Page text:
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Tasty Trivia, Installment 1

January 25, 2010

I am starting a new recurring feature here on FBM!

The other night I attended a Trivia Night that my friend put together to raise money for an organization he is involved in. Trivia nights are one of my favorite kind of nights. If you are from St. Louis, you are most likely familiar with them, as it seems to be a St. Louis “thing” (not saying other cities aren’t into the trivia… we are just really really into it…. you could easily find, like, 2 to go to every night of the week here).

For those who don’t know what I’m talking about, a trivia night is usually held in a church basement, school gym or a VFW-like hall. People put them on generally to raise money for some sort of non-prophet cause/organization. You reserve a table and gather a team of usually 8-10 of your smartest and/or most fun friends, and proceed to spend the evening answering 10 rounds of questions from various categories.

And the best part? Trivia night team tables usually become pot-luck  smorgasbord of party food and booze. It is customary for the organizers to provide stale popcorn and pretzels (that make you thirsty), as well as soda and ice and sometimes cheap beer. But most tables bring their own food ( I even have a habit of table hopping between rounds to mooch off others.)

The trivia night I was at this weekend had one category that made me the table’s ringer… Kitchen gadgets. They showed pictures of odd  kitchen thing-a-ma-jiggs (read: unitaskers) and we had to name them. They were items such as an Avocado slicer, potato ricer, tagine, etc. I was pleased to be able to help my team out so much. You see, while I adore going to trivia nights, I generally am not much help.

Anyway, inspired by that category, and remembering the fun of Slow Food St. Louis’ annual food trivia night (check out Cupcake Project Stef’s recap of it a couple years ago, complete with a pic of me winning a raffle in all my cleavaged glory :D), I thought I’d start a recurring feature here on FBM… Tasty Trivia. I will pick a food theme, and list 10 interesting tidbits that may someday help you in a trivia night. I will also select recipes from us mobsters’ other blogs that would make good trivia night fare.

Today’s theme, in honor of it being Burns Day, is Food in Celebration.

  1. The nickname of Scottish poet Robert Burns was The Ploughman Poet because he was a farmer. His famous poem, Address to a Haggis, is traditionally read before slicing into the Haggis on Burns Day., which is January 25.
  2. On April Fool’s Day, the French try to trick each other. A person who is tricked is called poisson d’Avril or “April fish”. As such, the chocolate treats in the shape of a fish is the snack of the day.
  3. In the Passover Seder meal, a course called Maror consists of bitter herbs (often horseradish) is eaten to symbolize the bitterness of slavery. The Charoses or Harosset is a mixture of apples, nuts, wine and cinnamon and represents the mortar used by the Jews in the construction of buildings as slaves.
  4. In some areas of China, for the New Years celebration, fish is included in the meal, but not completely eaten, as the Chinese phrase “may there be surpluses every year” sounds the same as “may there be fish every year.”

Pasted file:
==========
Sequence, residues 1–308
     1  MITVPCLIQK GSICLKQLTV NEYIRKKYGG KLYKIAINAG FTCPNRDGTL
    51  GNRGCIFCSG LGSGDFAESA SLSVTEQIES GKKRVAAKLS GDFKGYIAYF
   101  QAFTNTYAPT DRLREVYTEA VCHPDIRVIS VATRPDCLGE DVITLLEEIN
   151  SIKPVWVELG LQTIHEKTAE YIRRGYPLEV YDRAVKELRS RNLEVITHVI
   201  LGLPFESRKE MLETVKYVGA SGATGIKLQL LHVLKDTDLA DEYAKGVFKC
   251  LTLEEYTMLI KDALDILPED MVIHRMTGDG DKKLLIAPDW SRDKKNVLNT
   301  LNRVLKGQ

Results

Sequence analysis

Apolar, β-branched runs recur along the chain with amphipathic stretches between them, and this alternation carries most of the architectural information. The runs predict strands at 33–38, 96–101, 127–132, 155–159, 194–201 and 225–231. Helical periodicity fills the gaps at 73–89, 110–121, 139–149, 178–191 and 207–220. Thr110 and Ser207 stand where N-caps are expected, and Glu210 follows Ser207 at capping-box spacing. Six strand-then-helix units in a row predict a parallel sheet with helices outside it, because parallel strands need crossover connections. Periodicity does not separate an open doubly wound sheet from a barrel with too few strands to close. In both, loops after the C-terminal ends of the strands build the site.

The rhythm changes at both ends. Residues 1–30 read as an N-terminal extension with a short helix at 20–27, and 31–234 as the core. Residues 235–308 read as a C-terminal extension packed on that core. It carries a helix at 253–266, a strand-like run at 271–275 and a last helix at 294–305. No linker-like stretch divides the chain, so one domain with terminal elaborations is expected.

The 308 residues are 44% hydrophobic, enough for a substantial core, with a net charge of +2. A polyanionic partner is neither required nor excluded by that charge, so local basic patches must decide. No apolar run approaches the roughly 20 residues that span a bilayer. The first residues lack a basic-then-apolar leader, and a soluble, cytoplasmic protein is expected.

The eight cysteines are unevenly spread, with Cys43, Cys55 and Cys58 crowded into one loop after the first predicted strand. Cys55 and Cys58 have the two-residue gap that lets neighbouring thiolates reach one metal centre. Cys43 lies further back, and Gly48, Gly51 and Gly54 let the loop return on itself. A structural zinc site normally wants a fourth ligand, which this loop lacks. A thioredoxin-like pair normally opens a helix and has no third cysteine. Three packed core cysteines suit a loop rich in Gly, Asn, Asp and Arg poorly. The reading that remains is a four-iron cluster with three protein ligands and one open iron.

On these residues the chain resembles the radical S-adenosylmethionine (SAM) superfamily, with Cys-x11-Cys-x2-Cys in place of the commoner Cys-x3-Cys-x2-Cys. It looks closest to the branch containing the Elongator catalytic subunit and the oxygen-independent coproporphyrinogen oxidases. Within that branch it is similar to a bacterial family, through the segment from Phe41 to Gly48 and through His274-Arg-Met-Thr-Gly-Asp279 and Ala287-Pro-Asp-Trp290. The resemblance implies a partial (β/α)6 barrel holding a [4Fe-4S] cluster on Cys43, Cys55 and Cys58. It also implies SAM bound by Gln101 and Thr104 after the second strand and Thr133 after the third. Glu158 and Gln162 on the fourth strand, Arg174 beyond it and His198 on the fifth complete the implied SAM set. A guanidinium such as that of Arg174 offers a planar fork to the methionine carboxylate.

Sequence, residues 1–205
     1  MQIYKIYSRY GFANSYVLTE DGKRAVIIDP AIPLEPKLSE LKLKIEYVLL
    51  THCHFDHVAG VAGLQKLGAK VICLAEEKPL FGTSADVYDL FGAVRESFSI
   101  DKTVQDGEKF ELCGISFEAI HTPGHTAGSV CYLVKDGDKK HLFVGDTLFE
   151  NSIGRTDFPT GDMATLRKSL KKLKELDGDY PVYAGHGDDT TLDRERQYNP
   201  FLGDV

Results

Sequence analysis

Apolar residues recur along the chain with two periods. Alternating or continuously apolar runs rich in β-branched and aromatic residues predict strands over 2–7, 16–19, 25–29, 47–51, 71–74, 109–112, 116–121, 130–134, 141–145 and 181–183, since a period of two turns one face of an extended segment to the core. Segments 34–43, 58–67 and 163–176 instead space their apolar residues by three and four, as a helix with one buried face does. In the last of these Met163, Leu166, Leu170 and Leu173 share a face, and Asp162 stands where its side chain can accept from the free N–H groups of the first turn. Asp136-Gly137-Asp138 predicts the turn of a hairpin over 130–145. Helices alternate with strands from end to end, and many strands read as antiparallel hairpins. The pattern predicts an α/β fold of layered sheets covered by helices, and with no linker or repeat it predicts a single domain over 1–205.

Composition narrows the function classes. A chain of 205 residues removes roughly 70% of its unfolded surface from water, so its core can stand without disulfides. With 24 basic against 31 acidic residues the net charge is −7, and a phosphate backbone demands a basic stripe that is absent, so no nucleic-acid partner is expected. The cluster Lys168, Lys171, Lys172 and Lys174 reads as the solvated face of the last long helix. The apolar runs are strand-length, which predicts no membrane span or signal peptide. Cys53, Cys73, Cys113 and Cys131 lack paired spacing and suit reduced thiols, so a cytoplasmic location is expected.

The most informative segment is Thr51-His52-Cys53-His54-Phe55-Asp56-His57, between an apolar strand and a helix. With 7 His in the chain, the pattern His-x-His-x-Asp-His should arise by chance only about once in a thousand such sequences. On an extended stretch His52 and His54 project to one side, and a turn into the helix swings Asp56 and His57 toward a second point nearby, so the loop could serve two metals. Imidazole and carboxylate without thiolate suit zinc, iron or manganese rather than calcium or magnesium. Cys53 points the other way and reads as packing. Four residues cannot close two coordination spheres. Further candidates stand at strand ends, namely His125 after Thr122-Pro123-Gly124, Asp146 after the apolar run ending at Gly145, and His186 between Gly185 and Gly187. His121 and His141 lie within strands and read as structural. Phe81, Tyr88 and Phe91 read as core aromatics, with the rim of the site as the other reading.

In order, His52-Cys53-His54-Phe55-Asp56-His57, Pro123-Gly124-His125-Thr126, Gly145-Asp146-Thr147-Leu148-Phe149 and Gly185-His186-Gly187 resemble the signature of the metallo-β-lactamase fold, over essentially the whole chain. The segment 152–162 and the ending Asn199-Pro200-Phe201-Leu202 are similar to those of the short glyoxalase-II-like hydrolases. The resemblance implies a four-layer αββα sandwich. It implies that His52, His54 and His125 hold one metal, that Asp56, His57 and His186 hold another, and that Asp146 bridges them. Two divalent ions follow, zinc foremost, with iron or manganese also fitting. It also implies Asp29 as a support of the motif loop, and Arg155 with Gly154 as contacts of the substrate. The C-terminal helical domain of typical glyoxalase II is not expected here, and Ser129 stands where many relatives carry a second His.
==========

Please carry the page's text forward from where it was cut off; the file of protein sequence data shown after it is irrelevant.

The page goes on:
5. In Oaxaca, Mexico, Christmas Eve is also the Night of the Radishes (Noche de Rábanos), when large radishes are cut into animal shapes.
  6. A New Year’s tradition in Spain is to eat 12 grapes, one at a time at each chime of the clock at midnight, for good luck.
  7. Since the 1950s, panettone (literally, “Tony’s bread”) has become popular all over Italy at Christmas time.
  8. In Poland, pączki are eaten especially on Fat Thursday (the last Thursday before Lent). Many Polish Americans celebrate Pączki Day on Fat Tuesday (the day before Ash Wednesday). Traditionally, the reason for making pączki was to use up all the lard, sugar, eggs and fruit in the house, because they were forbidden to be consumed due to Catholic fasting practices during Lent. A small amount of grain alcohol is added to the dough before cooking; as it evaporates, it prevents the absorption of oil deep into the dough.
  9. Nut-Crack Night is an old Scottish and Northern English name for October 31st. It’s also called the Oracle of the Nuts (Somebody please write a song with that as a title or something!). On this night people would put two nuts on the grates over the fire, and how they would burn would tell the fortune of two lovers.
  10. La Tomatina tomato fight in Buñol, Spain near Valencia happens every year on the last Wednesday in August. It is said to have started when a tomato cart was tipped during a parade.

Feel smarter? Now it’s time for food! Here are recipes from each of our blogs that would be perfect for sharing with your brainiac trivia table:

Annie’s Fromage Fort (cheese spread)

Steph’s Bacon Kettle Corn

Kelly’s Cookie Dough Brownies

Kelli’s Cheese Crackers

Happy Trivia Nighting!

3 Comments leave one →
  1. January 26, 2010 8:47 am

    Great post, Steph!

    I can’t wait to have an FBM table at Slow-Food’s trivia night!

  2. Kelly permalink
    January 26, 2010 10:23 am

    Very tasty post! I’m just sorry I didn’t get any of your bacon kettle corn on Saturday…never arrive late to a Trivia Night!


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